Your June 2023: 4 Renters (Reform) Bill trends and insights
Short-term let changes are on the horizon, while the rent control experiment in Scotland may not have had the intended result. Here's what you need to know in May 2023.
The big topic of the month - and the coming year - is the Renters (Reform) Bill. It's now been introduced to parliament, and that means a journey through the Houses of Commons and Lords, before it receives Royal Assent.
This monthly update is therefore Renters (Reform) Bill special, outlining some of the debates that have emerged around the topic.
1. Student lets in the bill and how this could disrupt seasonality
Most student lets take place during January to March ahead of the next academic year. However, with private student lets currently expected to transition to the single system of periodic tenancies under the bill, this seasonality could be disrupted.
Two-month notice periods for tenants may mean no guarantee of properties for those looking earlier. It could also mean longer void periods for landlords if their tenants choose to move out before the summer months - meaning that properties could be lost from the student let market as landlords look to house professionals instead.
However, the Telegraph has reported that Michael Gove is considering amending the bill to take these concerns into consideration. You can read more about this in our blog.
2. Eviction powers to increase
One letting agency has said that the risks posed by abolishing section 21 may be lower than originally feared by landlords. Beverley Kennard, Head of Lettings Operations at Knight Frank, explains that, although that trigger for eviction has changed, the grounds for eviction under section 8 have increased.
“The [grounds] now include rent arrears and anti-social behaviour, which should give landlords even more comfort” Kennard says. You can read more about changes to section 8 in our guide.
3. The property portal could be important for tax
HMRC may be able to use the new property portal to advise its investigations into taxes unpaid by landlords. Advisory firm BDO has said that the bill doesn't state this explicitly but that it will have access to the same public data as tenants.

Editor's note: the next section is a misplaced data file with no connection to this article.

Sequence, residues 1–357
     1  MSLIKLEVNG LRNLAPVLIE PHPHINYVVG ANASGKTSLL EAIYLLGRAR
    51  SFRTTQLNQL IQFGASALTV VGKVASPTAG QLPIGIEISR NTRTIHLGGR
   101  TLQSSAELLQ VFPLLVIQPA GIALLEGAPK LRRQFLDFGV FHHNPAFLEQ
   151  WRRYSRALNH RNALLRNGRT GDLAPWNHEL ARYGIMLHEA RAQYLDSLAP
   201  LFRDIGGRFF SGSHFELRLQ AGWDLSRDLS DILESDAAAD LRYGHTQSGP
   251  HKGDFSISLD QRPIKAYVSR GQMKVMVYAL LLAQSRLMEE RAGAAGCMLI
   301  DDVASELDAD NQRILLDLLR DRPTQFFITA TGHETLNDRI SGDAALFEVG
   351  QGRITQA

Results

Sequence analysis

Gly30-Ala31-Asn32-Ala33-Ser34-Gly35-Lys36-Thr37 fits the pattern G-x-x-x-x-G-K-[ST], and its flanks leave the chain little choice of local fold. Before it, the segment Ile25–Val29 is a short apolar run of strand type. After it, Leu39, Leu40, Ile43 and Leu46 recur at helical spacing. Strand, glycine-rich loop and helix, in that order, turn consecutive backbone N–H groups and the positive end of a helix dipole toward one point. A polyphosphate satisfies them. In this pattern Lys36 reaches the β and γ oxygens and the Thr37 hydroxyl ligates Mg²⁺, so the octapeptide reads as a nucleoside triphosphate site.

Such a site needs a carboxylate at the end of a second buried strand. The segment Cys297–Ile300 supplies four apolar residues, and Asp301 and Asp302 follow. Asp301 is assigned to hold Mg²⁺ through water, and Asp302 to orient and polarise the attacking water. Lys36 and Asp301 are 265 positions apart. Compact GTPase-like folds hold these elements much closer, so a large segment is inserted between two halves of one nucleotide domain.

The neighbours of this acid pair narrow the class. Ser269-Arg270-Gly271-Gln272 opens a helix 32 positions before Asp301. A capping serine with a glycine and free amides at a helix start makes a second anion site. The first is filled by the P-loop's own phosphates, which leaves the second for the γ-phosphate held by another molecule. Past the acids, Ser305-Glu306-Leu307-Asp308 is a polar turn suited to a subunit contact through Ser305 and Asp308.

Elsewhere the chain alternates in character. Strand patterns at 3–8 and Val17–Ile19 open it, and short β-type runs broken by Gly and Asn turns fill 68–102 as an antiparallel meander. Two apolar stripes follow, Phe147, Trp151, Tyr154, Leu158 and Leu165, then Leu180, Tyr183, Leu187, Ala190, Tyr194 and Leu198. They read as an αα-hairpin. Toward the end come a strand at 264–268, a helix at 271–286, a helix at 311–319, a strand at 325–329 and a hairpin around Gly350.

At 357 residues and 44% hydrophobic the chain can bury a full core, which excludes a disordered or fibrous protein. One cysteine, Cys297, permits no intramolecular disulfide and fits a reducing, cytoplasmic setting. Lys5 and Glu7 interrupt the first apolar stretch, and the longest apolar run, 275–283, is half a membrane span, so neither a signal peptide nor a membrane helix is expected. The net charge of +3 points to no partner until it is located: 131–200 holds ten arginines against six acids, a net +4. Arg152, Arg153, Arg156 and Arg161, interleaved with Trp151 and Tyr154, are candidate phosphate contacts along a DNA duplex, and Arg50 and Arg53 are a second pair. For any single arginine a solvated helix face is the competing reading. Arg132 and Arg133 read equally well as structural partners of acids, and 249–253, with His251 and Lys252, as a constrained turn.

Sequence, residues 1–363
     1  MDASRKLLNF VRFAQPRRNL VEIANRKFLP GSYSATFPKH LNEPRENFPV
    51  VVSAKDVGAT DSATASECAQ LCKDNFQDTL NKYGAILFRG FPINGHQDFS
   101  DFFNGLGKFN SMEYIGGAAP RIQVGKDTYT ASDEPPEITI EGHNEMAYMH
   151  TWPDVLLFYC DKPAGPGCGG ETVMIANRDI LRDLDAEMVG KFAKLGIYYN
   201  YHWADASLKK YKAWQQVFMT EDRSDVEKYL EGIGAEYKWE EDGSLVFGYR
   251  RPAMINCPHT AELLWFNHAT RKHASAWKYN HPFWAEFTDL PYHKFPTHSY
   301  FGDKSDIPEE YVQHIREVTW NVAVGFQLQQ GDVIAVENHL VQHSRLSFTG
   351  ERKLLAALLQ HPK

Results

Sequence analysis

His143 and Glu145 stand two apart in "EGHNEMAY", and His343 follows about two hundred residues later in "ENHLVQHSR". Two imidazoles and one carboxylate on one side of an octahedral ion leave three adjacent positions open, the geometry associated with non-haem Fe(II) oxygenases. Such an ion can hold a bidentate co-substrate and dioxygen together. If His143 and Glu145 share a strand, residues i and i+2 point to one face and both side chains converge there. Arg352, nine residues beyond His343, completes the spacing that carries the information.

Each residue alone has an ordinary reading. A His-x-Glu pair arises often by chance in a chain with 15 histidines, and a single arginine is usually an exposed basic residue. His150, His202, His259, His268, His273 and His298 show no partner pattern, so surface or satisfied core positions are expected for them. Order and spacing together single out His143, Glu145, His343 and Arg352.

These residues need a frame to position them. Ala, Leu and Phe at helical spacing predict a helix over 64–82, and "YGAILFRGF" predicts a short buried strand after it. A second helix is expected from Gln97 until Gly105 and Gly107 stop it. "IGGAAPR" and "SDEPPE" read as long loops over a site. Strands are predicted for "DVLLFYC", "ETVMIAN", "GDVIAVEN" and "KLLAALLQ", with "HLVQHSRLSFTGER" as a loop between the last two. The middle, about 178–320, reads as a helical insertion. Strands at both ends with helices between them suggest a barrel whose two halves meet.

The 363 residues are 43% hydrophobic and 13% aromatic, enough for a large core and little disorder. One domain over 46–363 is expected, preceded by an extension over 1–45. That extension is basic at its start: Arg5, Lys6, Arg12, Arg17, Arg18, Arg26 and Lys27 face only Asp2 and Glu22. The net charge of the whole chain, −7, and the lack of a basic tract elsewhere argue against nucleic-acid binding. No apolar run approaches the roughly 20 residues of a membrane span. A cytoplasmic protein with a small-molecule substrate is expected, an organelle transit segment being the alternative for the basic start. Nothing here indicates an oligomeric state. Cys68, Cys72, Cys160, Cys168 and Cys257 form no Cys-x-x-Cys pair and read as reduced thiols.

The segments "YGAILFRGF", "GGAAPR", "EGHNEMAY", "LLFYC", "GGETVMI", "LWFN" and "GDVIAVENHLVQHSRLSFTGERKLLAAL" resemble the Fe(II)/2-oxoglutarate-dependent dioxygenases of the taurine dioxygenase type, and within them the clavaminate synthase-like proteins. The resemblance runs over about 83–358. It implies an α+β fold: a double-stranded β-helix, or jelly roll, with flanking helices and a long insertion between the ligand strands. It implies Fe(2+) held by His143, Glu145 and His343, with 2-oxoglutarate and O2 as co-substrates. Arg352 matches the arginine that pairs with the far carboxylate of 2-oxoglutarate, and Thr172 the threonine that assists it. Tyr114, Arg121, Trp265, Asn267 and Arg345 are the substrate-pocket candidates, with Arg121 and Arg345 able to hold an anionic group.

BDO shares that HMRC will be able to combine data from the new database with the information it can access through the Land Registry for analysis.
Dawn Register, Head of Tax Dispute Resolution at BDO, says: “HMRC already holds significant information on taxpayers’ financial affairs. The introduction of a new private rented sector database will leave few places to hide for landlords who don’t comply."
4. Preparation can now begin for the bill
The bill may yet face some amendments, but there's plenty that agents and landlords can do to start to prepare. Our blog highlights five of the things that you can do to start getting reform ready.
Goodlord has plenty of extra materials and resources that outline all of the changes to come under the Renters (Reform) Bill, from the abolition of section 21 and Assured Shorthold Tenancies, to the introduction of a property portal and landlord ombudsman.
You can download our e-book, watch our webinar, read our guide, or even listen to our podcast on it. Head to our resource hub to find everything in one space.
A recap of the past three months
- What you needed to know in May 2023
- What you needed to know in April 2023
- What you needed to know in March 2023
Things to know from May 2023
Short-term let planning permission rule proposals announced for England
The government has launched a consultation into new planning permission rules for converting short-term lets in England.
This aims to "help local areas have greater ability to control any future increase in the number of short term lets".
The plans aim for a flexible approach, giving local authorities the power to restrict permissions for converting long-term rental properties or homes into short-term lets where those short-term lets are restricting supply. You can read more about these proposals in our guide.
A new consultation about the short-term let register released
The government is seeking views on the creation of a short-term let register in England. The proposals aim to "ensure England continues to provide safe and high-quality guest accommodation".
The new consultation is analysing whether the framework should be mandatory across the country, or whether it should be opt-in for regions in tourist hotspots, where housing supply is affected.
The consultation will also look into what exactly will be registered (property owners or their properties?), as well as enforcement. Read more about these proposals in our blog.
A 10-point action plan for government published